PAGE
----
And it is very slanted towards (or against) female journalists – what terrible tricks their supposedly male bosses supposedly make them use to weedle stories out of politicians. No mention of what tactics of trade male journalists may be encouraged or expected to use.

To summarise, I can understand why female journalists have reacted to the Hill Cone column – which consisted of partial truths and copious crap. And some of that was quite crappy crap.

And I note that a number of male journalists flirted (on Twitter) with statements of support for their female colleagues who had took exception to the general dissing of female journalists and the specific attacks and insinuations directed at Andrea Vance.

Like me, they say more trash than truth.

UPDATE: Ironically after Hill Cone said with a few notable exceptions (Kim Hill, Fran O’Sullivan, Susan Wood)”

Anyone who knows @avancenz works knows DHC slur was baseless.

Carter struggling as Speaker

David Carter is struggling as new Speaker. It’s a daunting task countrolling a house of harangers and Carter is finding the initial going tough.

Cam Slater at Truth slates Carter:

Just dreadful – A lesson in how to win in Parliament

Despite all my warnings to the contrary, and because of a shabby little back room deal the man who never wanted to be Speaker is. The results so far are dreadful and I suggest it won’t improve.

David Carter Speaker

Mike Smith at The Standard:

Mr Answerer

Oh dear. Lockwood Smith was by common consent one of the best Speakers we’ve had. David Carter seems to be heading in a different direction. Lockwood required Ministers to give direct answers. Today in the House Carter gave the answer for Hekia Parata, interpreting her words to  get her off the hook. He may well have put himself on one though, if that is the way he is going to go.

Jane Clifton at Stuff in About The House:

Adding to the Opposition’s frustration was that when Mr Key gave his more elliptical answers, new Speaker David Carter, in a misguided attempt to keep the peace, tried to interpret them.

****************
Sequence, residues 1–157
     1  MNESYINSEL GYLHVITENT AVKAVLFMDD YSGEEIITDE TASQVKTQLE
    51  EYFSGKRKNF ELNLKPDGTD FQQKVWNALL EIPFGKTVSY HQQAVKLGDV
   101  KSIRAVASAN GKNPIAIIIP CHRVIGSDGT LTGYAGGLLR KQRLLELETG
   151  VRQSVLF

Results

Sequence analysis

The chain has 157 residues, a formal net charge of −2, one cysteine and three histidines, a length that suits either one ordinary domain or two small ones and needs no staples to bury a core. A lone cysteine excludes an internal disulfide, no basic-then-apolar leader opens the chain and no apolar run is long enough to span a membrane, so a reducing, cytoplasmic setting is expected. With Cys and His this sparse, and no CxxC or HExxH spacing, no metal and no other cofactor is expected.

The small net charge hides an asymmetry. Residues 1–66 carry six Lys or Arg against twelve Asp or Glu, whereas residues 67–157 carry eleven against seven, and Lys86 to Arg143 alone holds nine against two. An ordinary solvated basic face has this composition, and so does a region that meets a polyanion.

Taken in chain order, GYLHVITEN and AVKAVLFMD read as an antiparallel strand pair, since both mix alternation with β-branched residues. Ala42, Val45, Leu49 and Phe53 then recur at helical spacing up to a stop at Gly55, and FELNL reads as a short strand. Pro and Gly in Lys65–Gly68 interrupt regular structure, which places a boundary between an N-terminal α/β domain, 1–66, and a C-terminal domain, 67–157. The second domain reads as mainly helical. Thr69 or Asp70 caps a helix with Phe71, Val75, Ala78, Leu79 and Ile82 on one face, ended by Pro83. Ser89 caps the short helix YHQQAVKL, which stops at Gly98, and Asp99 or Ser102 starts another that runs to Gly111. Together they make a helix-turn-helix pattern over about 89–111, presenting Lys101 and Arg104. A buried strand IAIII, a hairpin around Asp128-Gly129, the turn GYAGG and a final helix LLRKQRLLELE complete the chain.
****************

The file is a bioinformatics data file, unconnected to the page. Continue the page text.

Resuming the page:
His interpretations led even the mild-tempered Labour leader David Shearer to say tersely that he was entitled to a clear answer from the prime minister, not a disputable interpretation from the Speaker of what he might have meant.

Increasingly flustered, to the point of referring to Winston Peters as “prime minister”, Mr Carter tried to enforce peace from on high by making two new rulings.

One was made after a row with Greens co-leader Metiria Turei, in which he forbade her to table a transcript of a radio interview with Mr Key.

The rules disallow tabling of news items and other freely available material. When their exchange became dangerously fractious, Mr Carter ruled that MPs were henceforth only to table “documents that I feel will be of benefit to the debate”.

Opposition MPs’ eyebrows rose as fast as their jaws dropped. This was unbridled Speakerly power.

Mr Carter tried to shut down further unpleasantness by reminding MPs that Standing Orders made him the arbiter of the quality of questions and answers.

On that basis he ruled that the prime minister had every right to respond in a political vein to Ms Turei’s questions.

“Point of order! Which Standing Order says that?” the Greens’ Russel Norman asked with some belligerence.

“Oh, we’re not getting into quoting Standing Orders,” Mr Carter said grumpily – forgetting that he just had.

He unwittingly caused a further dust-up when he tried to enjoy an oasis of light relief. Mr Key was taunting Mr Peters with one of his old controversies, the “scampi” scandal, and Mr Carter was unwise enough to share the Government benches’ amusement.

“You might well smile there, Mr Speaker,” Mr Peters barked at him, “but you were sued on that issue yourself so I would not get too happy about that!”

Mr Carter’s one consolation was that even if the Speaker is not always right, the office confers a degree of immunity, enshrined in the final Standing Order he managed to quote – and with great severity: “The member must not bring the Speaker into the debate!”